Charlson scores based on ICD-10 administrative data were valid in assessing comorbidity in patients undergoing urological cancer surgery.


Nuttall, M; van der Meulen, J; Emberton, M; (2006) Charlson scores based on ICD-10 administrative data were valid in assessing comorbidity in patients undergoing urological cancer surgery. Journal of clinical epidemiology, 59 (3). pp. 265-73. ISSN 0895-4356 DOI: https://doi.org/10.1016/j.jclinepi.2005.07.015

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Abstract

BACKGROUND AND OBJECTIVES: Adjustment for comorbidity is an essential component of any observational study comparing outcomes. We evaluated the validity of the Charlson comorbidity score based on ICD-10 codes in patients undergoing urological cancer surgery within an English administrative database. STUDY DESIGN AND SETTING: Patients who underwent radical urological cancer surgery between 1998 and 2002 in the English National Health Service were identified from the Hospital Episode Statistics database (N = 20,138). ICD-9-CM codes defining comorbid diseases according to the Deyo and Dartmouth-Manitoba adaptations of the Charlson comorbidity score were translated into ICD-10 codes. RESULTS: Charlson scores derived by the ICD-10 translation of the Deyo and Dartmouth-Manitoba adaptations were identical in 16,623 patients (83%; kappa = .63). For both adaptations, ICD-10 scores increased with age, were higher in patients admitted on an emergency basis, and predicted short-term outcome. Addition of either the ICD-10 Charlson Deyo or Dartmouth-Manitoba score to risk models containing age and sex to predict in-hospital mortality resulted in a better model fit but only in small improvements of the predictive power. CONCLUSION: The ICD-10 translations of the Deyo and Dartmouth-Manitoba adaptations performed similarly in risk models predicting hospital mortality following urological cancer surgery. Adjustment for comorbidity over and above age and sex alone does not seem to provide a large improvement.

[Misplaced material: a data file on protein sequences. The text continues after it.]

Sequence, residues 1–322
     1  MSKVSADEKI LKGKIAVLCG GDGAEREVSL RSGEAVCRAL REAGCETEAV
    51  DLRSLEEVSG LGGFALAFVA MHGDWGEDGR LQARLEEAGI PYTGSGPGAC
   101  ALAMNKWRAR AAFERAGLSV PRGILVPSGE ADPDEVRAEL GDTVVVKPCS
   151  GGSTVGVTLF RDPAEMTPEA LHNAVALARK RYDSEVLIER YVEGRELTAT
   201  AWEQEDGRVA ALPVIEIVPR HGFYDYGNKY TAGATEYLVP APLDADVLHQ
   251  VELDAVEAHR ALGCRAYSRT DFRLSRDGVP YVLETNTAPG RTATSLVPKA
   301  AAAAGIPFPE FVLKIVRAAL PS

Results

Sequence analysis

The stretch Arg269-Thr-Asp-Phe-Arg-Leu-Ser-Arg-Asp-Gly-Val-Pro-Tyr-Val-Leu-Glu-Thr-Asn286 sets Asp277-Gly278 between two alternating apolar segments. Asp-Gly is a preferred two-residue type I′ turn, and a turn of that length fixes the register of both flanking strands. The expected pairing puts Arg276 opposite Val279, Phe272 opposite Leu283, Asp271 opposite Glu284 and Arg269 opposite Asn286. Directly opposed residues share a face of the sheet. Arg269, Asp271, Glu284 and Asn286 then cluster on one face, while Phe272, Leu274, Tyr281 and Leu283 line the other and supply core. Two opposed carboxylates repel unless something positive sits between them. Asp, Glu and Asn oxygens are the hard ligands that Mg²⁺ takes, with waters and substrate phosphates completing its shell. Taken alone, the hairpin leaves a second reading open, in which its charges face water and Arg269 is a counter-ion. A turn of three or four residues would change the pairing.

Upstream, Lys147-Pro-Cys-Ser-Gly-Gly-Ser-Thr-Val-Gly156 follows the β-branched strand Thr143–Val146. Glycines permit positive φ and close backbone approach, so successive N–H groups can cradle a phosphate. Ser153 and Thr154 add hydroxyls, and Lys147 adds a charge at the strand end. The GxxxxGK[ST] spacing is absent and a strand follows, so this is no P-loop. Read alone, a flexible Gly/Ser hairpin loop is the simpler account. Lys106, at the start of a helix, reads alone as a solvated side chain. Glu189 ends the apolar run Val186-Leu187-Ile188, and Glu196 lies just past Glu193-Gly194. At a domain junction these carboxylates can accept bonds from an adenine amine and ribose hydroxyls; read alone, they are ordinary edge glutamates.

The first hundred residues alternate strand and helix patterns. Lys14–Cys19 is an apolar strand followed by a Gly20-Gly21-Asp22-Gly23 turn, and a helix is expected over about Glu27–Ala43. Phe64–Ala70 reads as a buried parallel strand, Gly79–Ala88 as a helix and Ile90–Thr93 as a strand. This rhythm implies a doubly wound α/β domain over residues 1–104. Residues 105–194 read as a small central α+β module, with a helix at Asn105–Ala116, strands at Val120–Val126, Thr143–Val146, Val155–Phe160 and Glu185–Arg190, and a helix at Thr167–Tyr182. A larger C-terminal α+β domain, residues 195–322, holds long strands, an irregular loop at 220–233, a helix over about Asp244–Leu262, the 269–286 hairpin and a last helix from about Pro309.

Item Type: Article
Faculty and Department: Faculty of Public Health and Policy > Dept of Health Services Research and Policy
PubMed ID: 16488357
Web of Science ID: 235824100007
URI: http://researchonline.lshtm.ac.uk/id/eprint/12234

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